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GIVE THANKS: Some people think their liberties are shrinking every day. Thanks to farm groups and the efforts of private citizens, there are still things you can do with your land here that you couldn’t do many other places in the world.

July 4: More than just time for fireworks

Most laws passed by the Legislature go into effect in July; take stock of what you can do because of which laws passed — and which didn’t.

The Fourth of July is supposed to be about enjoying our liberty and remembering our forefathers who helped us achieve it. Most people celebrate by enjoying fireworks, grilling hamburgers and eating watermelon.

Here’s a way to appreciate liberties you still enjoy that maybe you haven’t thought much about. Many laws passed by the legislatures go into effect July 1. In Indiana, you seldom must fear the coming of July, because we’re still served, for the most part, by a Legislature dominated by commonsense people.

Count your liberties

Here’s a look at some things Hoosiers can still do this July:

Use your land as you see fit. Yes, you still must obey county zoning ordinances if your county has zoning. But legislation passed this year prevents cities from trying to regulate your activities if you’re outside of their boundaries. As it was, statutes allowed cities to regulate what happened as far as 4 to 10 miles, depending on the activity involved, from their borders.

Word has it one thing which fueled interest in closing this loophole was an attempt by some municipalities to use this obscure rule to prohibit wind farms and solar farms from coming into an area. Those are decisions that should be based on zoning and economics at a county level, not from a far-off city hall.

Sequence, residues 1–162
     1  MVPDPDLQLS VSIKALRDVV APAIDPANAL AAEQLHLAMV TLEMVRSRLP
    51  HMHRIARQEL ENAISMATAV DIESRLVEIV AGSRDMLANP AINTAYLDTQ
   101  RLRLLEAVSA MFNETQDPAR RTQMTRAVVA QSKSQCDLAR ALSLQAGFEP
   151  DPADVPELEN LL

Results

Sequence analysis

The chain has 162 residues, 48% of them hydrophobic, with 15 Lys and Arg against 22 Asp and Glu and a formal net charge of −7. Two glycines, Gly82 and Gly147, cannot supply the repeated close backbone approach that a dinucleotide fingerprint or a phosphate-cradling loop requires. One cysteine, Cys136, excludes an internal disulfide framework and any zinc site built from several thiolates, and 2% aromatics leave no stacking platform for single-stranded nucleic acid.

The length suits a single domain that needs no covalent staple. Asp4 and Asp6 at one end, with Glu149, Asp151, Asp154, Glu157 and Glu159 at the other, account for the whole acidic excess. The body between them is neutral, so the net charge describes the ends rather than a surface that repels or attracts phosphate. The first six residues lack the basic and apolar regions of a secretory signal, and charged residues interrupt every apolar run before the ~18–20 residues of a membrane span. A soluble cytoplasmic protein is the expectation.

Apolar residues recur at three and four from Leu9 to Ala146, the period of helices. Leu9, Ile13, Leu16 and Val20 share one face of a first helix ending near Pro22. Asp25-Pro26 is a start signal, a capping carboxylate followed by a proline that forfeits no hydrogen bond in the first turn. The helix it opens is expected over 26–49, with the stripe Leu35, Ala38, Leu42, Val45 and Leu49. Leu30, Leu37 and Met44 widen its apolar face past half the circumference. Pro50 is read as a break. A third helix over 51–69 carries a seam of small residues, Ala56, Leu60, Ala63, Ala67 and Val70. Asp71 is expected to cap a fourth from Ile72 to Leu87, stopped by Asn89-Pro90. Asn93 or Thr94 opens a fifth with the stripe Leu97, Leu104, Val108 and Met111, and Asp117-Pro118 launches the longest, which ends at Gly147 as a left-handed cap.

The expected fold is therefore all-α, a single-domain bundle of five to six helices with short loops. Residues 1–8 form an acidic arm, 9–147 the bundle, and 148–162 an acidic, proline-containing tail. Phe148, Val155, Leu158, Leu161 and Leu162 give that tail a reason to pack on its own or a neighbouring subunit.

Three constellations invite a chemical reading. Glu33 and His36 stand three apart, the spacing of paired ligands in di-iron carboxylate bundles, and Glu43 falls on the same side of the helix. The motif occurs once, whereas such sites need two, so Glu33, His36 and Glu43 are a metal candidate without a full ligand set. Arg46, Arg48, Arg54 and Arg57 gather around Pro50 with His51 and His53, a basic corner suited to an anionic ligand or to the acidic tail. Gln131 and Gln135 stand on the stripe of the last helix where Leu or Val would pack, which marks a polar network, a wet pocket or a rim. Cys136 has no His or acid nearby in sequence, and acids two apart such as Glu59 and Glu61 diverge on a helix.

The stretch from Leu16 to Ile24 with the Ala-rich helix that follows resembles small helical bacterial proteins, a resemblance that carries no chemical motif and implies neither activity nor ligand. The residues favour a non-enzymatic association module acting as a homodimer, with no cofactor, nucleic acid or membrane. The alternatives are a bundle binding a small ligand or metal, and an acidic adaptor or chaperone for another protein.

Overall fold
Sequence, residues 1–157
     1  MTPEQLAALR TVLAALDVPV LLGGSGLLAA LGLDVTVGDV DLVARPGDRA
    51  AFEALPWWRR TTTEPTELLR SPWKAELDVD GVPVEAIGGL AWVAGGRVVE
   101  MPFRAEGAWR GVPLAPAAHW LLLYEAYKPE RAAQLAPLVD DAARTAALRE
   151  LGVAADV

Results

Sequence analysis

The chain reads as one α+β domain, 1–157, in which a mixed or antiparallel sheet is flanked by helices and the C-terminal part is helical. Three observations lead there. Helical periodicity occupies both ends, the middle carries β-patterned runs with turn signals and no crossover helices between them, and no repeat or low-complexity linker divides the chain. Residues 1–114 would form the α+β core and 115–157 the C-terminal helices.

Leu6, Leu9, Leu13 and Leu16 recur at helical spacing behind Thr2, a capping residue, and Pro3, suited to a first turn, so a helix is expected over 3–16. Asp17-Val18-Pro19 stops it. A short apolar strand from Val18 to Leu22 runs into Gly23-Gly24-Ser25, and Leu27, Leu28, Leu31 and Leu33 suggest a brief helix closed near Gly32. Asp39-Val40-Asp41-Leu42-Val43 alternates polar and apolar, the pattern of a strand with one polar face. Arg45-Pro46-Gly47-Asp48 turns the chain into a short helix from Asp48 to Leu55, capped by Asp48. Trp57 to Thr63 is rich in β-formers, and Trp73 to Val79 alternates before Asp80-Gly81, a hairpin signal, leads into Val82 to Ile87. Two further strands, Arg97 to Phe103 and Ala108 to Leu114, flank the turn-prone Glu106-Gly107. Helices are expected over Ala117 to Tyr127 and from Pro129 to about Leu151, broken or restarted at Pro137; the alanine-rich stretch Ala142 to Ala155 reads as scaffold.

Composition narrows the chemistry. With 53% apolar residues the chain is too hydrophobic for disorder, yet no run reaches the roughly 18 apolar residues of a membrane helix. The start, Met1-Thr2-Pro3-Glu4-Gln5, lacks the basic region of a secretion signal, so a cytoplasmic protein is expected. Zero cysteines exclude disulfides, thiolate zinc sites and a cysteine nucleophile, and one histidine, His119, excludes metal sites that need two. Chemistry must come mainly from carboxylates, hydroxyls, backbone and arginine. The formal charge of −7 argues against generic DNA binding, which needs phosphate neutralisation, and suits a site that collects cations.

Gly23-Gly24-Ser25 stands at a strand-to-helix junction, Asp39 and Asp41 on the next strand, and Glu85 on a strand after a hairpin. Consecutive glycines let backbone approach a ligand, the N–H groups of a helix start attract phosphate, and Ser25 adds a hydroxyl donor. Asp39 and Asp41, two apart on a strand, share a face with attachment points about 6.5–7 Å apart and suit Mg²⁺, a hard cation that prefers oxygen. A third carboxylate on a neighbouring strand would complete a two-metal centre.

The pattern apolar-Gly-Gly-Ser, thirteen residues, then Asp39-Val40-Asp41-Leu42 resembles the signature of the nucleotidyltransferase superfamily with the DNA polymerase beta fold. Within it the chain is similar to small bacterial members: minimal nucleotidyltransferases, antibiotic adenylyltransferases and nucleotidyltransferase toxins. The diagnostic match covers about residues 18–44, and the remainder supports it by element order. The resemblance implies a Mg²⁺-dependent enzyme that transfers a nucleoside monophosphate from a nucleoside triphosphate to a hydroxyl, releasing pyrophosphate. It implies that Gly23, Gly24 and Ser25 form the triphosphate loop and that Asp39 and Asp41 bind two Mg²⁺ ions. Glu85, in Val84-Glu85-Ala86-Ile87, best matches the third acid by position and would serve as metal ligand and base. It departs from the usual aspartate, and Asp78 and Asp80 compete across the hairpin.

Work with your neighbor to build and pay for a fence. Legislation was introduced this year that would have unraveled Indiana fence law. The legislation unraveled instead. Who pays for erecting a border fence remains the same as it was in your grandfather’s day.  

Erect a livestock facility if you follow the rules and get all necessary permits. Legislation is introduced almost every session these days that would greatly restrict where you can build livestock buildings. Fortunately for livestock agriculture, this session’s proposal didn’t make it very far. Meanwhile, a landmark right-to-farm case in Hendricks County was decided this spring. A Court of Appeals reaffirmed that the Indiana right-to-farm law is constitutional, and that if you do things correctly and follow the rules, you still have the right to farm, even if it means changing your type of operation.

Prepare to grow hemp in 2020. The USDA still must sign off on Indiana’s licensing procedures, but the Legislature did its part. If you think raising some acreage of hemp could be profitable, you may get that chance in 2020. You will see some hemp growing in Indiana this year, but it’s still under a research permit obtained from Purdue University. If everything falls into place, you may be able to grow hemp in Indiana with a regular license in 2020. You’ll still need a contract with a buyer if you want to be sure you can sell the fiber or oil you produce.  

Growing hemp won’t likely be something everyone wants to do. Experts advise you investigate carefully before jumping in.

Comments? Email tom.bechman@farmprogress.com.

TAGS: Farm Life
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